Facts About Beijing

, , Leave a comment


Beijing is the capital of the People’s Republic of China. It is the political, economic cultural educational hub of the Republic. It is also the centre of international trade and commerce. Beijing is close to the port city of Tianjin and so is a point of entry to China. Beijing is one of the ancient sites of China and throughout its long history it has been the nucleus of politics and society.

FACT 1: Beijing is the most popular tourist destination in the world with 140 million Chinese tourists and 4.4 million international tourists passing through its historic streets every year.

FACT 2: Beijing has been the capital of China for 850 years. It is one of the four great capitals of China. The city has a 3000 year old history, and almost every important building in the city has great historical significance.

FACT 3: The city has been known by various names throughout its long history. They include Beijing, Cambaluc, Chung-tu, Khan-baliq, PeiChih-lu, Pei-ching, Pei-ping, Peking, Ta-tu and Yanjing. The city was christened Beijing in 1421. The city was occupied by European expeditionary forces in 1860 and suffered much damage during the Boxer rebellion in 1900.

FACT 4: The city boasts many historic tourist attractions. The Great Wall of China traverses Beijing.

FACT 5: The Forbidden City at the heart of Beijing was home to the emperors of the Ming and Qing Dynasties. It is the largest palace complex in the world. The Forbidden City houses the Palace Museum with its impressive collection of Imperial Chinese Art.

FACT 6: The Lugon Bridge over the Yong ding River is an architectural masterpiece. It is supported by 281 pillars. Each pillar has a lion atop it, and each lion has a number of lions hidden in its mane, head, back, paws and underbelly. This makes it difficult to get an accurate count of the number of lions on the bridge. The 13th century Venetian traveller, Marco Polo praise the bridge to such an extent that the bridge is sometimes called the Marco Polo Bridge. An incident of conflict that took place on this bridge between Chinese and Japanese soldiers led to the Sino Jap War (1937-1945).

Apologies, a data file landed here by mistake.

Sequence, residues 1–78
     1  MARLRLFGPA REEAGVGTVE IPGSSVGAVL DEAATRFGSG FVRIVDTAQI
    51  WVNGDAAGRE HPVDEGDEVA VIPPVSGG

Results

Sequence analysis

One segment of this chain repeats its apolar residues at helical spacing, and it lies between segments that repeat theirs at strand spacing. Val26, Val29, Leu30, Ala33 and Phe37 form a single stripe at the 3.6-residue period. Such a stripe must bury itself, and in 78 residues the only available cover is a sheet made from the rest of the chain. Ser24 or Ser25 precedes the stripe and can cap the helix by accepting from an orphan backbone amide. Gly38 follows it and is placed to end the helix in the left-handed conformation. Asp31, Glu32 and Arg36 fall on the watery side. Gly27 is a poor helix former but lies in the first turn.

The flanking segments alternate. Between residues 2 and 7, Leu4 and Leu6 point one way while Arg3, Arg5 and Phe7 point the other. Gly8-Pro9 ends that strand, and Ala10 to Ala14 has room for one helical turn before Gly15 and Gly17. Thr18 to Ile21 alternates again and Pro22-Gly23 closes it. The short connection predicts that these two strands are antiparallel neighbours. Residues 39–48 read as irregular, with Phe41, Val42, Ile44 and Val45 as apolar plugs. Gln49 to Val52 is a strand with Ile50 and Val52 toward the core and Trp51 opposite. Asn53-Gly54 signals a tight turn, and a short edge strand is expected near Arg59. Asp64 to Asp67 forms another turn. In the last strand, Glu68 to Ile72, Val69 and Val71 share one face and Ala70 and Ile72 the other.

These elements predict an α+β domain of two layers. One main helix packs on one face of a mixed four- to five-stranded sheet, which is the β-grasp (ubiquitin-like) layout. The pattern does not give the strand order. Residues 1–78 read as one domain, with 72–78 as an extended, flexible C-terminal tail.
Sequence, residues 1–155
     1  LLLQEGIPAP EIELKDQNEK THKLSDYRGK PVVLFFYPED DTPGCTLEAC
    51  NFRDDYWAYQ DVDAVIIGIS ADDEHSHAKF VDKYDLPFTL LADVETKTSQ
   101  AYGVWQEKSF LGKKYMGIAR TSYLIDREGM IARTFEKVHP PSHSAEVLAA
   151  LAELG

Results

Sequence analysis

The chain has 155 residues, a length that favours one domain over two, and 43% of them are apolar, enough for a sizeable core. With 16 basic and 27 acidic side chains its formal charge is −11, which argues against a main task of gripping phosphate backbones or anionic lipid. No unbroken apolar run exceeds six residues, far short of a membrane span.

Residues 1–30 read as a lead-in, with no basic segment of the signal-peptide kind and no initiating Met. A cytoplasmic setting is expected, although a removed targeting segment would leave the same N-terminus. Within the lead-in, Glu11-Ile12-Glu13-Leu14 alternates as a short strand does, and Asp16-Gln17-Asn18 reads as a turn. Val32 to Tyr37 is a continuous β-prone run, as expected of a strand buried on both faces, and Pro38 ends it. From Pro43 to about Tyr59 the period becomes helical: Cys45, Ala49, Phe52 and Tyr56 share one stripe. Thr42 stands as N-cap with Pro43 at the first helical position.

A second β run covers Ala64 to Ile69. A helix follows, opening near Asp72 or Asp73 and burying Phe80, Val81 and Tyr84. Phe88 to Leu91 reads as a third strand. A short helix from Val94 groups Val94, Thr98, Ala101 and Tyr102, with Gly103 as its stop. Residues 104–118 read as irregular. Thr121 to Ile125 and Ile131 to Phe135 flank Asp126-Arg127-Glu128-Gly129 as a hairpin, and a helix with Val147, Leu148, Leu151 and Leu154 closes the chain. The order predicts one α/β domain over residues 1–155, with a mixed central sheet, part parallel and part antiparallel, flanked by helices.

FACT 7: The city presents an intriguing mix of the ancient and the modern. Approximately 7000 winding alleys or Hu tongs, twist through the older section of the city. The Hu tongs are lined with traditional courtyard houses. Each hu tong is an open air museum. During the Cultural Revolution much of the ancient city was destroyed to make way for the architecture of modernity and progress. Further modernisation took place when Beijing hosted the 29th Summer Olympic Games in 2008. Today Beijing has theatres, bars, discos, restaurants, malls and business centres.

FACT 8: The city was named Beijing in 1421 by the Ming emperor. The name was restored in 1949, with the formation of the People’s Republic of China. The spelling was adopted in 1958. The name Peking, by which the city was formerly known, is an English version of the name Beijing. The name still persists as in Peking duck, a world famous delicacy that comes from Beijing and the Peking Man, the fossilised specimen of Homo erectus discovered in the area during archaeological excavations between 1923 and 1927.

FACT 9: Tiananmen Square in the heart of the city is the world’s largest public square. In 1989, the square was at the centre of international attention. Chinese troops had fired on students demonstrating for democratic reform, killing 200 of them.

FACT 10: Beijing ranks fifth in the UN urban population chart with just under 20 million urban dwellers.

Tea Time Quiz

[forminator_poll id="23176"]

Leave a Reply